The Growth in Business Support for Regulation

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Businesses in the United States are increasingly supporting regulation and regulators against judicial decisions curtailing agency authority.

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There has been a surprising shift in the U.S. business community to support regulation, and regulators, against challenges to the regulators’ authority.

Most recently, over 400 drug company executives signed a letter to support the Food and Drug Administration’s (FDA) regulation of drugs in the wake of a Texas federal judge’s decision to ban one of the drugs commonly used for medical abortions, a drug that had been legal in the U.S. for 23 years. As the letter objects, “a federal judge with no scientific training fundamentally undermined the bipartisan authority granted by Congress to the Food and Drug Administration to approve and regulate safe, effective medicines for every American.”

According to the executives, not being able to depend on the protection and stability of FDA regulation threatens their ability to conduct business in the country. As they explain, “judicial interference” with the FDA’s authority creates “uncertainty for the entire biopharma industry.” Firms “count on the FDA’s autonomy and authority” to develop new medicines for patients, and “regulatory uncertainty” endangers their investments and innovation. Judges should not undermine the “evidence-based and legislatively sanctioned authority of federally mandated institutions such as the FDA to protect public interests.”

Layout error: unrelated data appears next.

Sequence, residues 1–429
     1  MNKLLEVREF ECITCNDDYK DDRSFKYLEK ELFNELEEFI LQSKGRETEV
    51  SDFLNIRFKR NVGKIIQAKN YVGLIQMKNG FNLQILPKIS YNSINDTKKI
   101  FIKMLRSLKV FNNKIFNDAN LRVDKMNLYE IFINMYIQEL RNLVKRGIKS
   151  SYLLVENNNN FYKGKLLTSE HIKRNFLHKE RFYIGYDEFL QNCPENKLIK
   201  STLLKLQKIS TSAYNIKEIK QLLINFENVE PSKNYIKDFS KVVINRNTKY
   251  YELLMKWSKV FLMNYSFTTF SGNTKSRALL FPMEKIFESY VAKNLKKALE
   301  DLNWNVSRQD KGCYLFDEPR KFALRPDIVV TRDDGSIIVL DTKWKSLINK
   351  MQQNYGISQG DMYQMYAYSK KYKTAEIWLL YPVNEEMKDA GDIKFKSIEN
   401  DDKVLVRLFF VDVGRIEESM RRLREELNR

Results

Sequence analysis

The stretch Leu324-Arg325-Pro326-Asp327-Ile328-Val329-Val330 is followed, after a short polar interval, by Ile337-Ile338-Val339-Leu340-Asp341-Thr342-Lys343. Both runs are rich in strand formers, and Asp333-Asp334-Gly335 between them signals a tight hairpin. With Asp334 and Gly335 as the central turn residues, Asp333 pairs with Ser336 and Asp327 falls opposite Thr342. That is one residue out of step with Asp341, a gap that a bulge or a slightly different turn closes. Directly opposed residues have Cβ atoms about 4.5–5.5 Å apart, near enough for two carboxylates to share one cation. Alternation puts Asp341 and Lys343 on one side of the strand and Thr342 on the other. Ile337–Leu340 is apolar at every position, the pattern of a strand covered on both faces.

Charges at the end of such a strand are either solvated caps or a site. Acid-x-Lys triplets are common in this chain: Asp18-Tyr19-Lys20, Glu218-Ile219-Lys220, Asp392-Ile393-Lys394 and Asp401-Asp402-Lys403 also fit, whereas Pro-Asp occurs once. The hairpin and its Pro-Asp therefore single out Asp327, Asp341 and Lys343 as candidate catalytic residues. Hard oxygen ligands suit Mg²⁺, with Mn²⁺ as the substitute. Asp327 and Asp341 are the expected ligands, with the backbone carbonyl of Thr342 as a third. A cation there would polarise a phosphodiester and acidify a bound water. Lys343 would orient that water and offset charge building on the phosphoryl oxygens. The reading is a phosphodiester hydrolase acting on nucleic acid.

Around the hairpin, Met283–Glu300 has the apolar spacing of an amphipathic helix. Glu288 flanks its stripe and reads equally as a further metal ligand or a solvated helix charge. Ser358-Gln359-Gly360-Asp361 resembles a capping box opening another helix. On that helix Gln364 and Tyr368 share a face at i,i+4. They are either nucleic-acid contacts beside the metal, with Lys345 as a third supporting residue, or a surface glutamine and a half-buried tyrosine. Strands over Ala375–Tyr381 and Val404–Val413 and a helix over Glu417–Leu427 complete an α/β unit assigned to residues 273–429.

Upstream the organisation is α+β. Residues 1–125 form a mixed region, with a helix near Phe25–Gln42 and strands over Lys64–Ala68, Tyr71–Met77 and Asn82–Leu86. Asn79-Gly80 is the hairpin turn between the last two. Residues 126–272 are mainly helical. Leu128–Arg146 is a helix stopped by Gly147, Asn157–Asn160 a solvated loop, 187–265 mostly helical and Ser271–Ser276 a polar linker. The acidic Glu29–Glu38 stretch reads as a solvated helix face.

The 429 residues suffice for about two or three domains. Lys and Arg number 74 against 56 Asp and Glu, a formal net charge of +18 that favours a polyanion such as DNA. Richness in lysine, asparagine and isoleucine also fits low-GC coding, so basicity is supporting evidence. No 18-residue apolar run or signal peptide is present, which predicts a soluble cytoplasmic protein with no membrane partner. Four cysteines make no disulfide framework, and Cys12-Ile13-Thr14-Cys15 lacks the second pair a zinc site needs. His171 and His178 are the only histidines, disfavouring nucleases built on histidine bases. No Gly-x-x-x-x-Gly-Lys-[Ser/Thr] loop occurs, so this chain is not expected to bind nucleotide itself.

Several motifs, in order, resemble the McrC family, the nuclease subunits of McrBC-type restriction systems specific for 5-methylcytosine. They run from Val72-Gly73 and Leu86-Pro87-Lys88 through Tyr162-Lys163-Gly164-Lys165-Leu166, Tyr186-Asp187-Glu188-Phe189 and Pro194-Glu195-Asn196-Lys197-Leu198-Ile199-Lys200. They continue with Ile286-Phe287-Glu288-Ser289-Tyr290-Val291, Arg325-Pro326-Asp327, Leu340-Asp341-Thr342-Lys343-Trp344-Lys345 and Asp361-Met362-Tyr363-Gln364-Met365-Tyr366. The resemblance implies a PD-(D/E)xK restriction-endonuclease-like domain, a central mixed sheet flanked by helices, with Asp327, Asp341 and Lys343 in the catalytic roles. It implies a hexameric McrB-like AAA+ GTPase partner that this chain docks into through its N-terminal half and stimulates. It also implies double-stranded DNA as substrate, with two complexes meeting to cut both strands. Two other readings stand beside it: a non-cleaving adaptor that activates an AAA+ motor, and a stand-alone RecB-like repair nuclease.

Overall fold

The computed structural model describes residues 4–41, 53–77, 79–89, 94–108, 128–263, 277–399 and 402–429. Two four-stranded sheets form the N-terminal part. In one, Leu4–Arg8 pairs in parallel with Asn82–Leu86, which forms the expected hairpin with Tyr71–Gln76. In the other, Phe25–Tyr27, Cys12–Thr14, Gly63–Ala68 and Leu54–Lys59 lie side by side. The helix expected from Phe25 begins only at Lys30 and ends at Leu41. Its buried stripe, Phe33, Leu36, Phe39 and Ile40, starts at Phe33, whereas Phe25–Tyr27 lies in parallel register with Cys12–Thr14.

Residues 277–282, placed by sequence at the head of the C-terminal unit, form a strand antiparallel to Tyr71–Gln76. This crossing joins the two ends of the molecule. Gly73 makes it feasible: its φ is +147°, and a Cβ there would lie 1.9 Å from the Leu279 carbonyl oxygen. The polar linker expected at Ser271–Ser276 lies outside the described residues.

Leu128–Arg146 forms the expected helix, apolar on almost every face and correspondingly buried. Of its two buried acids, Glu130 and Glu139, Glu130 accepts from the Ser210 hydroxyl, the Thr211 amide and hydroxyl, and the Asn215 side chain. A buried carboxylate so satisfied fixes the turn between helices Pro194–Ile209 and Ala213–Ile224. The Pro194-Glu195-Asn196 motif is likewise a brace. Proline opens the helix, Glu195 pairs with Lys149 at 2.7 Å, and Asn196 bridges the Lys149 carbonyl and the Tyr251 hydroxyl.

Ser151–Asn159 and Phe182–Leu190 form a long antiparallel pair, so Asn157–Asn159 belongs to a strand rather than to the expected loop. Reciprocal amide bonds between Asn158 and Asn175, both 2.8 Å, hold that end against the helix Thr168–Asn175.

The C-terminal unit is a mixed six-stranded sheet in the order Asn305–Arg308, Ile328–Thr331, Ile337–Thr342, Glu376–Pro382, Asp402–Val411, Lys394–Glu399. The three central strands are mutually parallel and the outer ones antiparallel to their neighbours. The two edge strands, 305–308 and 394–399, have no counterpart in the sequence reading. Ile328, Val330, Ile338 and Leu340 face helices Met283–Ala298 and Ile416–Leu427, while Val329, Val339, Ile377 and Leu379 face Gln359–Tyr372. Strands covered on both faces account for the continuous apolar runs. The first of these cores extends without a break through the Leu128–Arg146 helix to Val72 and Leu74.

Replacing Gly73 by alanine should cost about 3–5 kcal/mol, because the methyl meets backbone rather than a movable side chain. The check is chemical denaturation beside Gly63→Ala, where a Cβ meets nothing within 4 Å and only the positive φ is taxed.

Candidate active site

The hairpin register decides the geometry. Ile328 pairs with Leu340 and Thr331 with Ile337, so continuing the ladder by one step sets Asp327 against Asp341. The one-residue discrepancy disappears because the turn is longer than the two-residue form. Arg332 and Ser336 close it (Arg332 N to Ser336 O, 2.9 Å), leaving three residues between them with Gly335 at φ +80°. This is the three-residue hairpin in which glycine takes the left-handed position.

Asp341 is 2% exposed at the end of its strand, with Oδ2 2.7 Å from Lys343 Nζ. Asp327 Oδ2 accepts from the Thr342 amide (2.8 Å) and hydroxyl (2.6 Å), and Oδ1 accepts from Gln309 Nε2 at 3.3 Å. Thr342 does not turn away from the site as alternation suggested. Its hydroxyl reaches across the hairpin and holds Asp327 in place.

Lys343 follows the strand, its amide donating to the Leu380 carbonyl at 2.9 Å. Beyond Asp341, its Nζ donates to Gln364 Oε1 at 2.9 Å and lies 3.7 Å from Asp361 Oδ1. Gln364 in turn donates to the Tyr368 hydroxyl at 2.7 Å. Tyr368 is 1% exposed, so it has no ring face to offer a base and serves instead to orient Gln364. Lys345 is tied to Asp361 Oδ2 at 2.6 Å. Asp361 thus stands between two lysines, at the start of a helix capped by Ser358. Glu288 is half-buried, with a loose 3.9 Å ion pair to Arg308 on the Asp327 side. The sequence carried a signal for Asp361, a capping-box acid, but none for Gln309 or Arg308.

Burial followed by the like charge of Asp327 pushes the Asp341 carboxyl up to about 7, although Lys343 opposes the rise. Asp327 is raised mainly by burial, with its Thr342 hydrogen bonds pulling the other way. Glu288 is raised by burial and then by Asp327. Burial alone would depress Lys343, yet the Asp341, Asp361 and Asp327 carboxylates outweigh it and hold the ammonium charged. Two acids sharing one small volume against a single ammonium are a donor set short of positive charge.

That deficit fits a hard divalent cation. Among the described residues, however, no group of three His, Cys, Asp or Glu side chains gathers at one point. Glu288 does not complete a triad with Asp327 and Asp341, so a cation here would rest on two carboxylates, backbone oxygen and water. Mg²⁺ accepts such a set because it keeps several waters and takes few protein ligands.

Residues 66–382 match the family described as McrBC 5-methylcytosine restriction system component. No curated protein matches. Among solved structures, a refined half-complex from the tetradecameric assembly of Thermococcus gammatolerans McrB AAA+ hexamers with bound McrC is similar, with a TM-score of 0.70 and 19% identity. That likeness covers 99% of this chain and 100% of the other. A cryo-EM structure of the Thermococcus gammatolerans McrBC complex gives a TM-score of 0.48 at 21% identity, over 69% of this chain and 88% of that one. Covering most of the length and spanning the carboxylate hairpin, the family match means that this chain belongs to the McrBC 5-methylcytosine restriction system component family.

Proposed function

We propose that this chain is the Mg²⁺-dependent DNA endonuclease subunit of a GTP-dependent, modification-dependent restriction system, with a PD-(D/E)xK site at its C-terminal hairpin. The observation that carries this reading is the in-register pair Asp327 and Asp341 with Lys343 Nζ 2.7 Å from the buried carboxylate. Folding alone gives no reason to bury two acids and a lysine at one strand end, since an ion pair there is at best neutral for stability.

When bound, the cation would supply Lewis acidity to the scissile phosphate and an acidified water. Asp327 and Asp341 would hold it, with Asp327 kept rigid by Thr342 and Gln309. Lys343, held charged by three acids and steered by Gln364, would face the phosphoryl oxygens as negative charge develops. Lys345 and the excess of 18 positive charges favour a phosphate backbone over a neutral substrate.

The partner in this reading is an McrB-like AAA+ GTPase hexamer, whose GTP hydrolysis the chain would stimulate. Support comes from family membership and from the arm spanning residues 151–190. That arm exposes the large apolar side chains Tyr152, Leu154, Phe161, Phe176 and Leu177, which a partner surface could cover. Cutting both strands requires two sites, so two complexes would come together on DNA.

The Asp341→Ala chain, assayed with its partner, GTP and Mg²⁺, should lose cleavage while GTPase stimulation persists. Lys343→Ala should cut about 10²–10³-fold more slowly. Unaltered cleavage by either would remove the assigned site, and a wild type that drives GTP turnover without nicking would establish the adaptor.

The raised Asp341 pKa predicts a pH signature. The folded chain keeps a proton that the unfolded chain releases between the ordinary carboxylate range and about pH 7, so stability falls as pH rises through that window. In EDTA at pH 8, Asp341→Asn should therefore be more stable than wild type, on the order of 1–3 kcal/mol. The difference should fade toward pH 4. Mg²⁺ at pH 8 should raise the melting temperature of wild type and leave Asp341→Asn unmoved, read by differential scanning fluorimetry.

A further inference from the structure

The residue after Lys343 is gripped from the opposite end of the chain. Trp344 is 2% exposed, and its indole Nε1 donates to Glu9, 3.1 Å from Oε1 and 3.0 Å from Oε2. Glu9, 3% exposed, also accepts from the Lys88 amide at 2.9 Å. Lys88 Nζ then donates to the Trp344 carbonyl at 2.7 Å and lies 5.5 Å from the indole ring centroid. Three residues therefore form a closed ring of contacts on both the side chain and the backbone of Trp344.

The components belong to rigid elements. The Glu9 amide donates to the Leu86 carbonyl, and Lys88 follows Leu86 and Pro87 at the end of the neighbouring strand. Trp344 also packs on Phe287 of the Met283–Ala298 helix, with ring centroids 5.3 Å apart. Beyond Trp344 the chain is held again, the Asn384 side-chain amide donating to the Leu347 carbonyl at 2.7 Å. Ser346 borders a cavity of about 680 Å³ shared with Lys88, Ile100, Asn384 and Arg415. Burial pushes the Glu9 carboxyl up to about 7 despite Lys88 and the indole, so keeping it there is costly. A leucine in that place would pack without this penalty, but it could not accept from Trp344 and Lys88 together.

The letter ends with a rousing endorsement of the FDA, despite its flaws, as the signatories “stand together to unequivocally support the continued authority of the FDA to regulate new medicines.”

Similarly, in March 2022, the Alliance for Automotive Innovation—which includes automakers such as Ford, GM, Honda, and Toyota—intervened in the D.C. Circuit to support the Environmental Protection Agency’s (EPA) ability to regulate greenhouse gas emissions.

The lawsuit concerned whether the EPA, in setting federal rules on the subject, had exceeded its congressionally delegated authority and violated the U.S. Constitution’s separation of powers. In language parallel to the drug company executives’ letter, the Alliance argues on behalf of the EPA’s power that the transition to alternative-energy vehicles “must be supported by regulatory stability” or its industry will face economic harm in the form of “stranded investments and planning uncertainty.”

Soon thereafter, in June 2022, five automakers—Ford, Volkswagen, BMW, Volvo, and Honda—backed the EPA’s grant of a statutory waiver to California so that the state could set more stringent emissions standards to be followed by a group of other states.

This vocal new business support for federal regulators and their decisions is not unqualified. In December 2022, for example, the Alliance more quietly argued against the National Highway Traffic Safety Administration’s inclusion of electric vehicles’ fuel economy numbers in setting standards.

Overall, however, businesses and their agents have made a surprisingly public shift in their support for federal regulators, especially on such politically charged issues as abortion and climate change mitigation.